Tuesday, November 13, 2007

Wordless 48: You Tell Me the Story

One of the ways you motivate students in the classroom is to surprise them every now and then. The focus is “expect the unexpected”.

This week’s image should be familiar to most …..at least the identification of who is in the portrait. However, instead of me telling you the story later why don’t you leave ME a tidbit of knowledge in the comments.

Not too much now…..others will want to share as well and no cut and paste. :)

So, educate me. What can you tell me about this man?

Last week's explanation has not been posted yet, but it will soon.

You find other wordless images here.

20 comments:

pips said...

Happy WW and have a nice day! :-)

Sandee (Comedy +) said...

Actually I can't. I haven't a clue who this is or what wonderful things he has done. Have a great WW. :)

elementary historyteacher said...

That's ok Sandee. Check back later.

Sandy Carlson said...

Good ol' FDR....I know his CCC projects got many a park built around here and there are murals in CT town halls that were done by people on his make-work programs. I'm glad for it!

Snowbird said...

Wow, I remember when he died. The picture in Life Magazine was amazing. I also remember his dog, Fala.

EHT said...

Great facts! C'mon....keep it coming.

Open another window if you have to and find a fact through Google. It only takes a minute. Show those research skills!

Laurel Wreath said...

The only one to serve more than two terms.... great WW.

crazy working mom said...

He was the 32nd president and created the Social Security System.

:)

Roger said...

Your going to have to give me a "F" sorry I knew it was FDR though but not much else. Good WW to you!

griftdrift said...

I remember a single lightbulb swinging in the kitchen of my Uncle Paul's house. It was many years after the TVA and EMCs brought electric power to all ends of the south. But even years later with light glowing under shades all through my ancestral home, the one bare bulb hanging by a string remained. And in the corner, just above the electric stove was a picture of Mr. Roosevelt.

The Tour Marm said...

This was the portrait being painted by Elizabeth Shoumatoff at the time of FDR's death at Warm Springs, GEORGIA.

http://fdrheritage.org/shoumatoff.htm

Casey said...

32nd president FDR of WWII.

Sandee (Comedy +) said...

Well, now I know, but it still doesn't look like him to me. You would never guess I graduated from college huh? :)

EHT said...

Sandee, I'm glad you checked back. I'm going to be writing something about the portrait soon.

Roger, you would not get an "F" for something I hadn't taught you yet....guesses are free.

GriftDrift, I attempted to comment here two or three times yesterday but blogger was having an issue. I wanted to say you hit the nail on the head. Older Georgians greatly respect FDR for what he did in our state. All of my grandparents and their brothers and sisters all have that same single light bulb somewhere in their homes even today. I always thought was sort of wierd in that I was so citified, but it was a kind of badge of honor, wasn't it?

Many of our older folks in this state are very conservative yet they continue to vote Democrat....it's mainly due to the Roosevelt era.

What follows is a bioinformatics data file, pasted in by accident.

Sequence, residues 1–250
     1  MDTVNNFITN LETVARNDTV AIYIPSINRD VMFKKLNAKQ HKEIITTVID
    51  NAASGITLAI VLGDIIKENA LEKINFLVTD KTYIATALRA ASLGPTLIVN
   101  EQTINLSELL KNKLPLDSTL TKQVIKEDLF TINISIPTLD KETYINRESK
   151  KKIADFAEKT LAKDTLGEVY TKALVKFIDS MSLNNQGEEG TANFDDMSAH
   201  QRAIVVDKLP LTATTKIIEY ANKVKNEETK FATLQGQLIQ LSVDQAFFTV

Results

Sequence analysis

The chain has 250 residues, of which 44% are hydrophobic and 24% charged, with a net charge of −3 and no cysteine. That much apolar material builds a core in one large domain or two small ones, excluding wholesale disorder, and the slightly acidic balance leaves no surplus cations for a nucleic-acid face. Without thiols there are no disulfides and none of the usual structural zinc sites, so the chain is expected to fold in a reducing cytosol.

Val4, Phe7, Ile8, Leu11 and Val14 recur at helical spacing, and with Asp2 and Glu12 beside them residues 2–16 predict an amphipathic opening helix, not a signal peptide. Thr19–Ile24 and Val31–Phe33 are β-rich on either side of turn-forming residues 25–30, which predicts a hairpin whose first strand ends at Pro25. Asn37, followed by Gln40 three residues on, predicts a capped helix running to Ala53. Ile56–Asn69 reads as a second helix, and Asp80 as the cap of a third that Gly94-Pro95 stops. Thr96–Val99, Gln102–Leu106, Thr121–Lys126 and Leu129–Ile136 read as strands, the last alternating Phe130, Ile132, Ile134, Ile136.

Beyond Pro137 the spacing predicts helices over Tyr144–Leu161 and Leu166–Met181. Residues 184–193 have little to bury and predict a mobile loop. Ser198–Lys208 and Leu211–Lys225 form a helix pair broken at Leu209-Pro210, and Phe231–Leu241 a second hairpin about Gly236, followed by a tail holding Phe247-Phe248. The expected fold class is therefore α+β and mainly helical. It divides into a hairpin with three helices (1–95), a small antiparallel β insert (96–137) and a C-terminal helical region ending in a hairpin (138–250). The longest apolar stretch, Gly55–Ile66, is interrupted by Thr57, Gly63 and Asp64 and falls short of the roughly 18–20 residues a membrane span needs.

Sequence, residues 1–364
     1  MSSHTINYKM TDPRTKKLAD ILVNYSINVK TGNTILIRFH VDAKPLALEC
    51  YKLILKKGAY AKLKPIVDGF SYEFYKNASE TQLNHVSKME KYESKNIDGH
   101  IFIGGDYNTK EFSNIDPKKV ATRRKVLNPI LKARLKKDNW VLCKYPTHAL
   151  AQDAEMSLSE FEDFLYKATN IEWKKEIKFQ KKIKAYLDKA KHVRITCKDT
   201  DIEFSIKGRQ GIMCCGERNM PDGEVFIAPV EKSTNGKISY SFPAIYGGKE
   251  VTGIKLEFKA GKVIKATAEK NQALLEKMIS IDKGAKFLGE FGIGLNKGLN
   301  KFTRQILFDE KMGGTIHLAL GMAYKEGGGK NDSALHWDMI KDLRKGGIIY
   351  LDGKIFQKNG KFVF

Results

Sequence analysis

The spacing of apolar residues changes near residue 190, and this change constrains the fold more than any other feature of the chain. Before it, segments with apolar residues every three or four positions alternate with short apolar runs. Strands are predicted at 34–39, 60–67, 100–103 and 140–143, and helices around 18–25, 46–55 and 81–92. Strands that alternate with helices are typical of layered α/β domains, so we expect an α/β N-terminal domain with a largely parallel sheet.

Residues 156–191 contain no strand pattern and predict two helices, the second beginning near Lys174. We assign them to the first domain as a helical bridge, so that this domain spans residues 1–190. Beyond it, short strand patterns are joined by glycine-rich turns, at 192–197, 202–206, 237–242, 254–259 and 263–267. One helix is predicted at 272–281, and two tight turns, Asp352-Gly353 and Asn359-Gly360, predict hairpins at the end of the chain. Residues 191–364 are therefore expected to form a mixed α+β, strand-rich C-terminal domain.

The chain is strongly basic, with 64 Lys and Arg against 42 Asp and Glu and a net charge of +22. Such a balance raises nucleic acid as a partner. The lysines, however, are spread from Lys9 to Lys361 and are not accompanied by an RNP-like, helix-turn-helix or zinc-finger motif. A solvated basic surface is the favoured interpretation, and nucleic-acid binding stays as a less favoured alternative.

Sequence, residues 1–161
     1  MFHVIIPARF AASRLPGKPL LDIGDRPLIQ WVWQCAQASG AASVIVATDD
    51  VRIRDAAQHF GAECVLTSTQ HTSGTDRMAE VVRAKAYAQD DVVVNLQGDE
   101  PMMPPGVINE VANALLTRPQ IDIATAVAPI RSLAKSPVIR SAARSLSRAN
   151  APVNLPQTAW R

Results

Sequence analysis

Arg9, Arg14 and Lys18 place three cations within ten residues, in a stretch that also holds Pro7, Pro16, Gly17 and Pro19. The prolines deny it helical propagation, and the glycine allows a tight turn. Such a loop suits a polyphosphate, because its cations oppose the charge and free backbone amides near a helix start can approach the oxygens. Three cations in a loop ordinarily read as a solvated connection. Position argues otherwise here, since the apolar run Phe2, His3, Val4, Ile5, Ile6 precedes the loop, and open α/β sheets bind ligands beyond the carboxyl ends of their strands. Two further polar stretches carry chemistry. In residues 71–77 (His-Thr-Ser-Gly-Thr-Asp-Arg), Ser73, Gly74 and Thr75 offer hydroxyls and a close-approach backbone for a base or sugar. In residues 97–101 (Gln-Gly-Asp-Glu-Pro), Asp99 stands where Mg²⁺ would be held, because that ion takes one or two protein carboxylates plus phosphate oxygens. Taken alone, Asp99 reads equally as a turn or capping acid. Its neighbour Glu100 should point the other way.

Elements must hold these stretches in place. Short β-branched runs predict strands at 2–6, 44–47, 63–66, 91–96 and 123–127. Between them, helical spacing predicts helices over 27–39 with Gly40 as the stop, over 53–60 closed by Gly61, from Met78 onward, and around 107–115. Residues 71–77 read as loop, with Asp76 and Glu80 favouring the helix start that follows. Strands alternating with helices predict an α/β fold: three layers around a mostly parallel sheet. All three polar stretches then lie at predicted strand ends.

The Tour Marm said...

My grandfather was from Brooklyn and involved with Democratic politics in New York City. We have a photo of him with FDR as the President signed a bill - although I have no idea which one.

My grandfather was instrumental in sending several Brooklyn kids affected with Polio to Warm Springs Georgiaa and my mother is still in touch with one of those children.

teachergirl said...

He went to Harvard and married his cousin, Eleanor Roosevelt, who was the niece of Theodore Roosevelt. He was appointed Assistant Secretary of the Navy in 1910 by Woodrow Wilson. Many southern connections (if you count Teddy's mother's Georgia connection). FDR pulled us out of a mountain of trouble from the Depression to World War II.

Andrée said...

I visited Hyde Park once and fell in love with him all over again. He had property in Maine and would swim there until struck with polio.

EHT said...

Tour Marm, Warm Springs is such a neat place. My cousin had polio and she spent time there. Keep that picture of FDR and you grandfather in a safe place!

Hey Teachergirl....right on with your factoids concerning FDR. I wrote about President Teddy's mother and the Georgia connection sometime back....the posts were at Georgia on My Mind and American Presidents. I really enjoyed researching those.

Hi Andree....I'd love to visit Hyde Park. I've never been above the Mason-Dixon line. Hard to believe, I know, but it's true.

The Tour Marm said...

Your comment about the older folks gave me pause to smile; both sides of my family became Republicans (including my grandfather) as a result of President Roosevelt's policies! To this day, surviving relatives view him with disdain.

His programs i.e. Social Security are still controversial.

I interpret the FDR memorial in Washington for students but give a far more optimistic (and charitable) view of him, his policies, and his wife than any member of my family.

However, I still cringe at his reluctance to believe the stories concerning the plight of the Jews in Germany and Europe, as well as Executive Order # 9066 which deprived Americans of Japanese descent their civil rights.

EHT said...

Seems like just the opposite happened here in Georgia, Tour Marm. FDR was shocked when he visited Warm Springs for the first time and saw how Georgians, black and white, were living. It was third world status in many places. His programs really helped bring the rural south along...